experiences into exciting opportunities. Always be honest, be
direct, be sincere and most importantly, be yourself.

Adding Fun
Fun within the context of the business world means feeling
comfortable to be oneself and to interact even while working and
accomplishing tasks with other individuals you respect.

I always thought it was a little “corny” when we referred to our
business as a “family.” But, it was! We liked each other, we helped
each other, we respected each other and we worked hard and played
hard. We communicated openly and often. Everyone knew where they
stood at all times. Also, we did a lot of different things to
create a fun environment. For instance:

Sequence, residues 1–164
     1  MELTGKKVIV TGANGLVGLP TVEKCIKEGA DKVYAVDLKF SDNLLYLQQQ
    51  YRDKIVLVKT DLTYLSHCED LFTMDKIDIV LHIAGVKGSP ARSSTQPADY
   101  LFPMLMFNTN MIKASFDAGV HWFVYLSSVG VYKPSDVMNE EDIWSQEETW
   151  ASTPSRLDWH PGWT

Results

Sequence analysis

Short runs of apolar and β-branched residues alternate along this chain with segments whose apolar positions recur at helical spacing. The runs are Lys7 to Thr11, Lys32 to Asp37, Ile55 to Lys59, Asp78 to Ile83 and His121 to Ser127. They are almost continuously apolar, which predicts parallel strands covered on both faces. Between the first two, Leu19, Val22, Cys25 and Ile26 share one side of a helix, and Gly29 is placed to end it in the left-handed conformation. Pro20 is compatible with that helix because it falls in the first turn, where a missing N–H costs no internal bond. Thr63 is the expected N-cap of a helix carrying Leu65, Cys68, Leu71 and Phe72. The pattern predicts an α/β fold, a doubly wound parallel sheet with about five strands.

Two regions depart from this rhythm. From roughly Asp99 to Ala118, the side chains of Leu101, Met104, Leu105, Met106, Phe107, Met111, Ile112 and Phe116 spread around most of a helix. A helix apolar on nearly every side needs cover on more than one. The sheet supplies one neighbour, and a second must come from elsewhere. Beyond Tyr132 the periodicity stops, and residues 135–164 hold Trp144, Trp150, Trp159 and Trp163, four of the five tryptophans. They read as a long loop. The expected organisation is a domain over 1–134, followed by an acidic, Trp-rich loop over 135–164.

We did an annual “Company Outing.” We closed on Saturday and all
employees and their family members did a Friday evening to Sunday
evening getaway. We had the “Company Olympics,” and everyone
contributed to the meals. Good family interaction creates bonds by
merging work life with home life. Names and faces come
together.

We did an annual Christmas Party at our home for the employees
and their significant others. We always had some kind of
entertainment choral groups, magicians, Santa Claus etc.
Every Saturday, before the store opened, we all cleaned the
showroom. While this doesn’t sound like fun, we always had treats
and good coffee and spent the hour talking about everything. It
also gave a sense of pride to see how great the showroom
looked.

We did “Hero of the Week” awards (a traveling trophy) for the
employee who had done something special (above and beyond the call)